IMG_0203An American president has not visited Cuba since Calvin Coolidge did back in 1928 — that is until now.  President Obama, his family, approximately 30 congressmen, and several American business executives arrived in Cuba, yesterday, hoping to officially end a fifty-five year freeze in relations between the United States and Cuba.  It is about time.  The Cold War ended long ago, but Cuba has been stubbornly adhering to a failed political system. 

 I had the pleasure of visiting Cuba for two weeks last summer and it was an eye-opening experience.  The country is populated by friendly, yet very poor people, who are living amongst crumbling buildings, poor infrastructure, and impoverished conditions.  While changes are coming to Cuba, they are coming very slowly.  It is up to Congress to end the embargo on Cuba, but it is up to Raul Castro to end human rights abuses and to allow his people a role in their own governance.  

Night at the Museum

You can experience a Night at the Museum for free every Friday night at the Museum of Modern Art.  Thanks to a sponsorship arrangement with retailer Uniqlo, attendees have free entry to the museum on Friday nights between 4 PM and 8 PM.  I visit MOMA from time to time, but was not aware of Free Fridays until I was there this evening.  I guess that I haven’t been on a Friday night since this program began.  It was a great way to spend a few hours on a Friday evening with a good friend.

I love having access to great works of art and am enlightened and inspired every time I visit a museum. Here are a few of the pieces that I enjoyed on this particular visit:


Andy Warhol Campbell’s Soup Cans 1962

Ellsworth Kelly Colors for a Large Wall 1951

Piet Mondrian Broadway Boogie Woogie 1943

Picasso Girl Before a Mirror 1932

Picasso Three Musicians 1921

Van Gogh Starry Night 1889


Hamilton: A Tale of Two Men

Alexander Hamilton was a brilliant man who helped shape American politics in the early days of the United States of America.  He was appointed as the first Secretary of the Treasury by President George Washington and created monetary policy that prevented America from going into bankruptcy.  He was a complex man, who was a prolific writer and a great orator. He is best remembered for his death in a duel by Aaron Burr and for appearing on the $10 bill.  That is, until now.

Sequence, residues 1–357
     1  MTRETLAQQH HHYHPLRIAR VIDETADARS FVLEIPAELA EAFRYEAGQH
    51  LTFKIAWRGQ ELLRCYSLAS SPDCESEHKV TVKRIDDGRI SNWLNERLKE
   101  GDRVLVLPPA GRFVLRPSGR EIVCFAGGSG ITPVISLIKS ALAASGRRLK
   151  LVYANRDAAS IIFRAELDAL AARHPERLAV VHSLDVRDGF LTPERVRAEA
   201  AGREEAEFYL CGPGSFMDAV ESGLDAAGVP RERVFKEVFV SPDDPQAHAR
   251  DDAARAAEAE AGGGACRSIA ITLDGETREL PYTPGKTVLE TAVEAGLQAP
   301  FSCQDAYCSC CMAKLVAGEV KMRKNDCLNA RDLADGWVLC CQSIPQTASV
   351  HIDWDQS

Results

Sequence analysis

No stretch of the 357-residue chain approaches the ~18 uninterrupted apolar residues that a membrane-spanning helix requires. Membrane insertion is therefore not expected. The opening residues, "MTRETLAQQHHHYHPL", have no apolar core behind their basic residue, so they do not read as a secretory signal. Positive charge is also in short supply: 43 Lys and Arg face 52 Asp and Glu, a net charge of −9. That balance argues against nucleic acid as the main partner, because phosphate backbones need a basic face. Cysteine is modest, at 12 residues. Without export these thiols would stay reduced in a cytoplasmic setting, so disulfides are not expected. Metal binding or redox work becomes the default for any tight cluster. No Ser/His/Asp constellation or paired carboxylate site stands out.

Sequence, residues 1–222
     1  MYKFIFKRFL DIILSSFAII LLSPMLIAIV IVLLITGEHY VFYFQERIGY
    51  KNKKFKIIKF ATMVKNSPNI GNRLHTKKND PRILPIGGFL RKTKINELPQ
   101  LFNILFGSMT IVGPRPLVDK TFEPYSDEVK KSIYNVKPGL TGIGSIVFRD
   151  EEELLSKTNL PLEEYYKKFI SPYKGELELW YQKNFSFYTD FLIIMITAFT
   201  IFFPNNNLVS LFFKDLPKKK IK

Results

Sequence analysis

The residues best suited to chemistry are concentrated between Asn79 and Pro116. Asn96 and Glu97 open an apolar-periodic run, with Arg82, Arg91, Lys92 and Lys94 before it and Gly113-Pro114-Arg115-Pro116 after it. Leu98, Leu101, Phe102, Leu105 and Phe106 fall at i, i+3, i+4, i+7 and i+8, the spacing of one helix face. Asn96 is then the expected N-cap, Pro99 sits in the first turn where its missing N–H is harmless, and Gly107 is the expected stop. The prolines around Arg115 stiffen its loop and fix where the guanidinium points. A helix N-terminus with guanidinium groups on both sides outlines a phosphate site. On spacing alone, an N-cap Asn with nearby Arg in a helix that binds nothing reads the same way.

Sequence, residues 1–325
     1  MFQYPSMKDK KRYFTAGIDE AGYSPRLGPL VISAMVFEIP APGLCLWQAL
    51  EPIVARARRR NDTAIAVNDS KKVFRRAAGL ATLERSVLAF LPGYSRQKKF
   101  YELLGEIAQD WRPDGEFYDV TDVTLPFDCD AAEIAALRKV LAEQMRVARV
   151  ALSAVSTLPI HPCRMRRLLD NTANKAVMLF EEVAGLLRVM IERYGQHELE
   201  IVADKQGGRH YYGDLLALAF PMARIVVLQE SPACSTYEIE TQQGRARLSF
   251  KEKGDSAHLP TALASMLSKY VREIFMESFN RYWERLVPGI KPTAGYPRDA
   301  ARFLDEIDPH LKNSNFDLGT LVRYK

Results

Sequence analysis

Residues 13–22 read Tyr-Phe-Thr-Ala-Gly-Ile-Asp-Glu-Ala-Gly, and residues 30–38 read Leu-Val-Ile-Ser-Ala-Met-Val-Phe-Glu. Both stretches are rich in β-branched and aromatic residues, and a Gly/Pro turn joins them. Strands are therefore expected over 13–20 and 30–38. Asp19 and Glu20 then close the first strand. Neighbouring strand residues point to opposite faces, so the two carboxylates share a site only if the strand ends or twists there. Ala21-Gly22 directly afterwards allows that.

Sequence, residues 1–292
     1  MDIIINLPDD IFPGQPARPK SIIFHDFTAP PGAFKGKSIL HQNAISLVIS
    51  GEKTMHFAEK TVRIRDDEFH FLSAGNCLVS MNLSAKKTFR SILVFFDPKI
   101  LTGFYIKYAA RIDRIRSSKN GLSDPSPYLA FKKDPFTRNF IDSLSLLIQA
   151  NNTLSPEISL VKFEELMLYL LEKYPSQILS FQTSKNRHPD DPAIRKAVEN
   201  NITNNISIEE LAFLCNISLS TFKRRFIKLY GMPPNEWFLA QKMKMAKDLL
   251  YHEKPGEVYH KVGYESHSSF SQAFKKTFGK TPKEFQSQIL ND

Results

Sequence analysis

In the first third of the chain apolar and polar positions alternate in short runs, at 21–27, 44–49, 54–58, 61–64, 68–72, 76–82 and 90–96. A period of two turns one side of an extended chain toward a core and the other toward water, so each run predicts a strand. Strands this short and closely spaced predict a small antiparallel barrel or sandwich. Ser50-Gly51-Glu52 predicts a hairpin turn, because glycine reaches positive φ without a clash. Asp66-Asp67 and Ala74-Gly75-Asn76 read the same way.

Lin-Manuel Miranda is also a brilliant man.  He came up with the genius idea of turning a biography of an 18th century political figure into a rap musical. This show has received huge critical acclaim and has been playing to sold out audiences since it debuted off Broadway last February.  Miranda wrote the script, the music and the lyrics, and stars as the title character in the production, as well.  Most Broadway musicals have been written by partnerships in which one person writes the lyrics and the other writes the music (i.e. Rogers and Hammerstein, Lerner and Lowe, Kander and Ebb).  I cannot think of anyone who has done all that Miranda has done.  

I highly recommend Hamilton  I’ve already dowloaded the music and can’t stop listening to it. Run, don’t walk, to see this clever, fabulous musical.

The Year of the Fire Monkey

Confetti Strewn in the Streets

Today marks the beginning of the Lunar New Year and, in anticipation of this celebration, I went down to Chinatown to see how people were preparing for it. The streets were filled with shoppers buying food and decorations for their family celebrations. Party Poppers were exploding everywhere sending up plumes of confetti, leaving the streets looking festive and colorful. The Chinese Zodiac works on a twelve year rotation and this year is the year of the fire monkey. The new year is based upon the lunar calendar, so the date changes annually. This year it begins on February 8th and ends on January 27, 2017.  I hope that all who celebrate have a wonderful new year! 

The Loss of a Legend

The world has lost a musical legend. David Bowie, active on the music scene for more than four decades, sadly succumbed to cancer.  He was a trailblazer who created different personae such as Ziggy Stardust, The Thin White Duke and others and performed as these alter egos.  He dressed in flamboyant costumes, with hairstyles and makeup to match. However, Bowie wasn’t just a great performer;  he had true talent. He wrote and performed his own music and acted, as well. His theatricality served to enhance his performances.  He was a renaissance man who incorporated his interests in art, literature and theater into his music.  He inspired other singers with his ever changing looks and his flamboyance such as Boy George, Elton John, Madonna, and Lady Gaga. His music has stood the test of time and will likely continue to do so for years to come. Rest in Peace Mr. Bowie.  You will be missed.